The Charleston bike-share program Holy Spokes has gone offline for two to three days as its new parent company assumes control of the system.
Charleston startup Gotcha Mobility launched the operation in 2017, hand-in-hand with the City of Charleston and the Medical University of South Carolina.
The outage of the fleet of about 250 powder-blue bikes was attributed to a business transition, according to new owner Bolt Mobility. Co-founded in 2018 by Olympic sprinter Usain Bolt, the Miami-based firm acquired the assets of Gotcha on Dec. 30 from the ailing company that had owned it.
The outage is expected to last between 48 and 72 hours, said Shari Lerner, vice president of business operations for Bolt.
"We are completely committed to continuing to serve the Charleston community and all of its riders," she said. "What we're experiencing right now is a transition from Gotcha to Bolt."
"The only change Charleston and its residents will see is an improvement," she added.
Jack O'Toole, a spokesman for the City of Charleston, said in a statement that officials reached out to the bike-share's new owner and "were told that the company is working to resolve an outage which has affected service across their network."
The recent change in ownership capped a tumultuous year for Gotcha.
Canada-based OjO Electric, which has been renamed Last Mile Holdings, announced in January 2020 it was acquiring the Charleston-based company. It reported various financial troubles to stock market regulators during the course of the past year.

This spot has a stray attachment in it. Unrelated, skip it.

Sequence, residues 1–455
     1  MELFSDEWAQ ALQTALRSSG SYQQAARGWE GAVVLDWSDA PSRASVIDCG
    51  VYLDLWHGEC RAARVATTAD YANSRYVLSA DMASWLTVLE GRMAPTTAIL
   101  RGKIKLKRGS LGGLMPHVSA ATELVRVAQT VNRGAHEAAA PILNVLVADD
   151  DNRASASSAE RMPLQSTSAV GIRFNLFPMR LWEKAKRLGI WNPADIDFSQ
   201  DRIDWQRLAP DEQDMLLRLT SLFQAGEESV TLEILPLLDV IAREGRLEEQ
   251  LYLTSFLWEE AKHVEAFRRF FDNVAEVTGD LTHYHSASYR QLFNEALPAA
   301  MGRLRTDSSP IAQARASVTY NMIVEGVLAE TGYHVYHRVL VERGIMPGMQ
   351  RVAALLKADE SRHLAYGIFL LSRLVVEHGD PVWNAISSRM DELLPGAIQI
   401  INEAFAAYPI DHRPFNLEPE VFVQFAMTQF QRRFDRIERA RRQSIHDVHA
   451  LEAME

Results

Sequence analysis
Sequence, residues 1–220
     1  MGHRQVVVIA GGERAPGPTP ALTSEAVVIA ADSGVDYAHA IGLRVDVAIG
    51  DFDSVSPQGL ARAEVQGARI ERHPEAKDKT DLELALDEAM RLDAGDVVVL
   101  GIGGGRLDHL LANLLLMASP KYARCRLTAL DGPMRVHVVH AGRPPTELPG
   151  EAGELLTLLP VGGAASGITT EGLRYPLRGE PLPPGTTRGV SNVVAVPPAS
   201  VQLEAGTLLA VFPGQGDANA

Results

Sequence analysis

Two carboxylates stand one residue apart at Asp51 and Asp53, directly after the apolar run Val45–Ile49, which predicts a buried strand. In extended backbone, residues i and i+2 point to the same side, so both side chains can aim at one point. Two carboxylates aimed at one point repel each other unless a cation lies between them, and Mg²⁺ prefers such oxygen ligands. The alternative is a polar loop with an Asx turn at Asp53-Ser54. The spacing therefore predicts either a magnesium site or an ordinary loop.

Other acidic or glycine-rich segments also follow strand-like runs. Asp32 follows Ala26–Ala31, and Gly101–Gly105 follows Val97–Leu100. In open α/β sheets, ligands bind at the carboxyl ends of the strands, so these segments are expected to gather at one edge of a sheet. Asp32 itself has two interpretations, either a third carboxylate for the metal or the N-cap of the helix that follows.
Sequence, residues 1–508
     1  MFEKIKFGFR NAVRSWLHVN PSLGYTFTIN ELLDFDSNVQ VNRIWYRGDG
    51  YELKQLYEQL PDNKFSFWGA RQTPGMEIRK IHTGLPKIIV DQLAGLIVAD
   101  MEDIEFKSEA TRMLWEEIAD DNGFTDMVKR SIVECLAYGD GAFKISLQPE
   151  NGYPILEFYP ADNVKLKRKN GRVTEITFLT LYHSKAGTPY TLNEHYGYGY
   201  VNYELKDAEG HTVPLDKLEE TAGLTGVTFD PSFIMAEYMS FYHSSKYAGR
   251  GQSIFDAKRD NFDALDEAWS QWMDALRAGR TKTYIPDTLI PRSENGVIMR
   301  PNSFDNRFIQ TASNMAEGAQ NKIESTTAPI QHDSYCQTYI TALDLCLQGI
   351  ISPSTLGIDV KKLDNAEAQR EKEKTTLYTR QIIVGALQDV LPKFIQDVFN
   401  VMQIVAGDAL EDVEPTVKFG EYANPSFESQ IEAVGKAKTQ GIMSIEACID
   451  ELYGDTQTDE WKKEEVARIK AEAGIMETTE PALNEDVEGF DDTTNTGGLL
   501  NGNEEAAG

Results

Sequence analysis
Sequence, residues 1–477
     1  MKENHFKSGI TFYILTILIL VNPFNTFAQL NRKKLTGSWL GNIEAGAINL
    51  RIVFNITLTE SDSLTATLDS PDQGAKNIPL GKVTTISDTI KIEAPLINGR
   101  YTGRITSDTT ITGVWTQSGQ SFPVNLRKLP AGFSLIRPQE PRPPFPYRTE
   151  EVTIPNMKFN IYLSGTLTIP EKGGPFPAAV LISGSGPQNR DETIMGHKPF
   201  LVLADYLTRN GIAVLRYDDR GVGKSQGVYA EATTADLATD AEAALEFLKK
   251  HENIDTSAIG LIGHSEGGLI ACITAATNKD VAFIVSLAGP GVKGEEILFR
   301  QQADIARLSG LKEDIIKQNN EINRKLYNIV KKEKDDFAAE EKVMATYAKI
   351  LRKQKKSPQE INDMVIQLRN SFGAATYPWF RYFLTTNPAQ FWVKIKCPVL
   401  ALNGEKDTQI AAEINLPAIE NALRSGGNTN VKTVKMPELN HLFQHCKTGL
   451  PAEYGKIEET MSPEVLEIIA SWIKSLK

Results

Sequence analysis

Also, Gotcha founder and former CEO Sean Flood sued Last Mile over a contract dispute, a few months after his departure. The company has not filed a formal response to his complaint.
On Friday afternoon at Gotcha's Radcliffe Street darkened offices, two FedEx "we missed you" notices were taped to the front door. One was dated Dec. 16.
Bolt's Lerner said the new ownership will retain its presence in Charleston. The brand will stay intact, too, becoming "Gotcha powered by Bolt."
Holy Spokes, usually available in Charleston's peninsula area, isn't the company's only business asset. Gotcha has said it operates in dozens of cities and at universities across the United States. In many places it offers access to motorized vehicles such as tricycles and scooters.
Lerner said Bolt has mostly been offering electric scooters to its riders, and the Gotcha acquisition adds to its repertoire.
The service interruption that followed the sale left some customers confused this week.
David Laster, who moved to Charleston from New York semi-permanently and without a car, said he has been relying on the Holy Spokes program since late December.
But when Laster tried to unlock a bike at one of the docks to make it to a morning Pilates class Tuesday, he couldn't connect to the application. He ended up ordering a Lyft and paying $8 for a ride to class.
His attempts to reach the program via social media, phone and a visit to their office failed.